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  1. #1
    smitten by саша pwdeegan's Avatar
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    questions and advice on re-packing hub bearings (XT HB M-756s)

    I'm thinking about doing a DIY bearing re-pack on my front and rear Deore XT hubs. They are running smoothly, but it's 1) been "enough" miles (yeah, i probably should have done it earlier), and 2) i figure it's time to learn how, and from what i can tell it's not too difficult (i have time, patience, and am willing to supplement my tools if need be).

    Can anyone tell me:
    1) what size and how many bearings i'll need for the hubs (they're XT HB-M756 front and rear). I briefly Googled, but couldn't find anything specific enough to felt like i knew for certain (fronts is maybe 3/16ths, 20 total; rear is maybe 1/4s, 18 total?).

    2)I have figured out that grade 25s are what i want quality-wise; any recommendations for a loose BB supplier, or for preferred BB grease? (For the latter, i've heard rec's for marine BB grease, and white lithium, among others.)

    3) is a tool like the "freehub buddy" necessary for a good re-packing, or can it be done reliably to spec without one?

    I'm primarily concerned about the front hub, since the rear hub is mostly out of commission; but i'd figure i'd do both if i was already going to do one. I looked up the instructions at Park Tools, and figure i'll just follow those (theirs seems mostly dedicated to the rear, so i presume the front it much less complicated).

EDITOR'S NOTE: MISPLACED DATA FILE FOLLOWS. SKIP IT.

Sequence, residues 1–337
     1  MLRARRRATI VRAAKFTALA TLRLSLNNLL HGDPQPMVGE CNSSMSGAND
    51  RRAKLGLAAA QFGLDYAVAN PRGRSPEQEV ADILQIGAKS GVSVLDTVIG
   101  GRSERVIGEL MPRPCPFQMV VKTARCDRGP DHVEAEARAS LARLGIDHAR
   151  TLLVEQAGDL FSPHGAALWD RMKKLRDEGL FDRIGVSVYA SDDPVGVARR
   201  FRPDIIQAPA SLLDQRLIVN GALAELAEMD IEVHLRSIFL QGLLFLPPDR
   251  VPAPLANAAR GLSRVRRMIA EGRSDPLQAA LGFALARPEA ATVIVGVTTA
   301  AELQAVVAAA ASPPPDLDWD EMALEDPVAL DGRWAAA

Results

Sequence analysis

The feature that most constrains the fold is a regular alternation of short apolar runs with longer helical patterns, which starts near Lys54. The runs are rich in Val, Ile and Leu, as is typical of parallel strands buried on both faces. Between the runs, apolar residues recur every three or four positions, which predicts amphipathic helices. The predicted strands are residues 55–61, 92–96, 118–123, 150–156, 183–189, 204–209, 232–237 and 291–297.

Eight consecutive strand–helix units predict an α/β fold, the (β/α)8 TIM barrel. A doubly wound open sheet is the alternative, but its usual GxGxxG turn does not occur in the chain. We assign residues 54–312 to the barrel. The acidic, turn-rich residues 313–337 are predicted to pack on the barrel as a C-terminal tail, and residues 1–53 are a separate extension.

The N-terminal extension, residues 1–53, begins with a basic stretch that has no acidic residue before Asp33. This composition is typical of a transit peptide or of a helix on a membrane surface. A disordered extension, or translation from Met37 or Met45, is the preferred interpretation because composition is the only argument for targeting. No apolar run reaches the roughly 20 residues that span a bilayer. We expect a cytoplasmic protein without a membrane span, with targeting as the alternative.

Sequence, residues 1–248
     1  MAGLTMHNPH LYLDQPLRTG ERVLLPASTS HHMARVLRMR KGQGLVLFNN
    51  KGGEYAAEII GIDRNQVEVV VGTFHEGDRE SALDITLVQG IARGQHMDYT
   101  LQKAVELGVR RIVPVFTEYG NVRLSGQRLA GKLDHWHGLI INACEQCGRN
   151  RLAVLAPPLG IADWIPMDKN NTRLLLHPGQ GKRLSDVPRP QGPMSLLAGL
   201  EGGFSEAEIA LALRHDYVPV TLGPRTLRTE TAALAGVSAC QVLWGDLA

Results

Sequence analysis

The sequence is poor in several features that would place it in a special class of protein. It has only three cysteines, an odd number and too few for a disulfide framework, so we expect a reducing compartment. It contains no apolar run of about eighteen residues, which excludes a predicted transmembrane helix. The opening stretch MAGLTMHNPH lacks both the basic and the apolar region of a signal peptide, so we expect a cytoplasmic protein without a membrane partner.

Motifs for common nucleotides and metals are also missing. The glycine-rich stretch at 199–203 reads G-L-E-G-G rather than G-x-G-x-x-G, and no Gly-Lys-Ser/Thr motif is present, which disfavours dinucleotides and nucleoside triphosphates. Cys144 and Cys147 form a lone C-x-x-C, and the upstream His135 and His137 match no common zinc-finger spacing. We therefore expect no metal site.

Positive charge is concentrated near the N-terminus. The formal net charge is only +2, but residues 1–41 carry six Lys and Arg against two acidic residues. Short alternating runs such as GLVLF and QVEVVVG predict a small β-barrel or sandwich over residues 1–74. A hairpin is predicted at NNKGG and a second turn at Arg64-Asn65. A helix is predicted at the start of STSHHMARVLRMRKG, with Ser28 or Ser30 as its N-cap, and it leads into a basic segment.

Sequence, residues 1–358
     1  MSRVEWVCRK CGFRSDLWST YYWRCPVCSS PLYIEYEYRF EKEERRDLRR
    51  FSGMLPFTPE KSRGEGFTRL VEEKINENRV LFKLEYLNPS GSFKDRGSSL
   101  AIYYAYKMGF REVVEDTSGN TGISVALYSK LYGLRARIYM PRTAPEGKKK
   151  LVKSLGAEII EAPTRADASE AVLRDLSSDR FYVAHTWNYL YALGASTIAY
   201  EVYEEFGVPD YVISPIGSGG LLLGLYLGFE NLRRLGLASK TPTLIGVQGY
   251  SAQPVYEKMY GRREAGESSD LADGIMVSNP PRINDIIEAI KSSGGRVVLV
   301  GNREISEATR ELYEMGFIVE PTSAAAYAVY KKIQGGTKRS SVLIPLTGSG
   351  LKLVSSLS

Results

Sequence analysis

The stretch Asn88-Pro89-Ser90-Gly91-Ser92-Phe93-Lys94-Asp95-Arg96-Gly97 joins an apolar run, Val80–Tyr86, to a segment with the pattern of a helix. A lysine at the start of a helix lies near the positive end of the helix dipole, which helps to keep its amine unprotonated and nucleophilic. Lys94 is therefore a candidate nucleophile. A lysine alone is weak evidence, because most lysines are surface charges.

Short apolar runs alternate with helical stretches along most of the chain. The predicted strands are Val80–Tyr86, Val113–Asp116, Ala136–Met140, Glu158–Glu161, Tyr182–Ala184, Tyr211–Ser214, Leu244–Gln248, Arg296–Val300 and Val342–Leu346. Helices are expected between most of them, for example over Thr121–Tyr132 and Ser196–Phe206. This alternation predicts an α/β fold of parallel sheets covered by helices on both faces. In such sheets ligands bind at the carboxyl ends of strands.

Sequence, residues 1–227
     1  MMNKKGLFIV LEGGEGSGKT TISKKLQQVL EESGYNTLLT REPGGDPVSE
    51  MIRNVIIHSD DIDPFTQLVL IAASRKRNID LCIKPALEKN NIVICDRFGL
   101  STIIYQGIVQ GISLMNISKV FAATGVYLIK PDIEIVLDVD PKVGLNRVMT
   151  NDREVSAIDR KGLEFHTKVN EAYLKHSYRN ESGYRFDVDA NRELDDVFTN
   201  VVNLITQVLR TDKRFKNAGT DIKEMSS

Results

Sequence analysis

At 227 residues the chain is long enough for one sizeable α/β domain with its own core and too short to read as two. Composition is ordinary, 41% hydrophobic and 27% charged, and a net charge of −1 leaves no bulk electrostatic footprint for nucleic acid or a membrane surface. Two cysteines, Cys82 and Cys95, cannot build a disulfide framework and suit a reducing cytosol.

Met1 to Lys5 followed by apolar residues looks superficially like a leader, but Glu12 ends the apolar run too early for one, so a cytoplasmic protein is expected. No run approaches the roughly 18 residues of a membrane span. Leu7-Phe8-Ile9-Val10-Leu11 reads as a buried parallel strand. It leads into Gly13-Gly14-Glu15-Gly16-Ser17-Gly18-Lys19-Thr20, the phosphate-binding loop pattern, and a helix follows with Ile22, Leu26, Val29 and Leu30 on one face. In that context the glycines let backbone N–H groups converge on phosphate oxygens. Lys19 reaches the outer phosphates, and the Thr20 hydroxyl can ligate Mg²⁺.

Any other tips or points?
    Thanks all!

  2. #2
    Senior Member m_yates's Avatar
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    Typical size:

    front hub........................3/16"......................10 per side
    rear hub.........................1/4"........................9 per side

    I got this from: hubs intentionally one bearing short on each side?

    I use Park Tool Polylube in my hubs.

  3. #3
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    Quote Originally Posted by m_yates View Post
    Typical size:

    front hub........................3/16"......................10 per side
    rear hub.........................1/4"........................9 per side

    I got this from: hubs intentionally one bearing short on each side?

    I use Park Tool Polylube in my hubs.
    The 9/side of 1/4" bearings are pretty universal for Shimano rear hubs of all models.
    The 3/16" bearings are also universal for Shimano front hubs but some take 10/side and others take 11/side.

    You can get Grade 25 bearings at any industrial supply shop or from Bike Tools Etc. ( www.biketoolsetc.com ). Get a bag of 100 of each size and you are good for a few years.

    I've never used a Freehub Buddy and see little need for them. Remove the freehub body from the hub shell with a 10 mm Allen key after you take out the axle and bearings. At the back of the freehub body there is a rubber seal. Carefully pull it out and drip a lot of Tri-Flow or similar light oil onto the exposed bearings, spin the body to distribute the oil and replace the seal. Reassemble the hub with new bearing balls and fresh grease. I've got a set of hubs with 55,000 miles on them and the freehub has been lubed this way for it's entire life.